INDIANAPOLIS – Education is one of the most valuable resources a state can provide to its citizens that also has overwhelmingly positive returns. The greater level of education one receives the less likely they are to be incarcerated, the more likely they are to attend a public university and be the type of skilled worker a state relies upon.
So it seems like a no-brainer for the state’s economy to provide as thorough of an education as possible for its children. But as of 2014, Indiana was one of only 10 states that neglected to provide state or universal-pre-K for its citizens. During the 2014 Indiana General Assembly, former Senator Earline Rogers (D-Gary) began the process to remove Indiana from that historic statistic by sponsoring HEA 1004 which kick started an early childhood education pilot program in five counties across Indiana: Allen, Lake Marion, Johnson and Vanderburgh.
But we cannot stop there. It is essential that we come together as a state to nurture young Hoosiers into becoming successful adults and the simplest way to reach that goal is to expand pre-k statewide until Indiana joins the three other states with universal pre-k.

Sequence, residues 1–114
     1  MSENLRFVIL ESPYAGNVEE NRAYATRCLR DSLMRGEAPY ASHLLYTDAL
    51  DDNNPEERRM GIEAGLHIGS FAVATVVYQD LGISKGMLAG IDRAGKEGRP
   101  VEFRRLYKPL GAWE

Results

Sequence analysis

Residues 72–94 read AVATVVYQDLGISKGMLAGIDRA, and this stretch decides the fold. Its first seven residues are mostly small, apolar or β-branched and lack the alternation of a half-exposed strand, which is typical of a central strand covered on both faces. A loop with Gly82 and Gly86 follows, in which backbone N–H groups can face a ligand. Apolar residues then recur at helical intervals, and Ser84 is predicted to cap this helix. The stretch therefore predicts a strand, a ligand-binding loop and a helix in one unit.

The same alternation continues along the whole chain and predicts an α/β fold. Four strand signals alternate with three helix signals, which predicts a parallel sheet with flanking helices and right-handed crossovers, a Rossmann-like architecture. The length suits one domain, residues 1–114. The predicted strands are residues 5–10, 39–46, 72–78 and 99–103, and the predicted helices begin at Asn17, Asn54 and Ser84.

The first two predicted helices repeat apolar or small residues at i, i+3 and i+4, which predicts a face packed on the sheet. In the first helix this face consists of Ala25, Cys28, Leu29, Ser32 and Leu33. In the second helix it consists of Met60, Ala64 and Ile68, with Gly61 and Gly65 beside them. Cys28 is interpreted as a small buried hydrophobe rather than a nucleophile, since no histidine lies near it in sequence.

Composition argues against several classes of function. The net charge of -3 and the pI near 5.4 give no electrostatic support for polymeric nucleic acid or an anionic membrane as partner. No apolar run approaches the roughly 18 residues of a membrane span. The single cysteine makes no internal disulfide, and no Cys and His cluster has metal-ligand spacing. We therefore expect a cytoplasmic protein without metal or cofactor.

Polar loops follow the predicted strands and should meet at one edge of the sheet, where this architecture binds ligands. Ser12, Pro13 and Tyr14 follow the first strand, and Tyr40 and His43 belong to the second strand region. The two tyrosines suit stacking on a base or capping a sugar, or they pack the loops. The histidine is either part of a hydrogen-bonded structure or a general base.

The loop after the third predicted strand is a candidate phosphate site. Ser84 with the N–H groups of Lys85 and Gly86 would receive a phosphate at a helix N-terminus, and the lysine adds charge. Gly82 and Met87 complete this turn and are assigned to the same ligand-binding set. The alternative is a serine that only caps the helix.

If we don’t, we are doing a great disservice to the thousands of citizens across the state who cannot afford to put their children in an early education program. Those children are entering Kindergarten unprepared and are costing the state nearly $32 million per year because they have to repeat Kindergarten. Why don’t we put that money where it will be useful?
This year, the Indiana Senate Democrats are pushing for universal pre-K because it is the right thing to do and it is the smart thing to do. In a recent Indiana University study, for every dollar invested in pre-K, the state received a return of $4. Pre-K is a long-term economic development plan that works.
We shouldn’t be prioritizing some children over others. Affordable pre-K should be an option made available to all families in Indiana. We cannot keep leaving Hoosier children by the wayside. We will fight to ensure that every four year old in the state has access to a high-quality early education.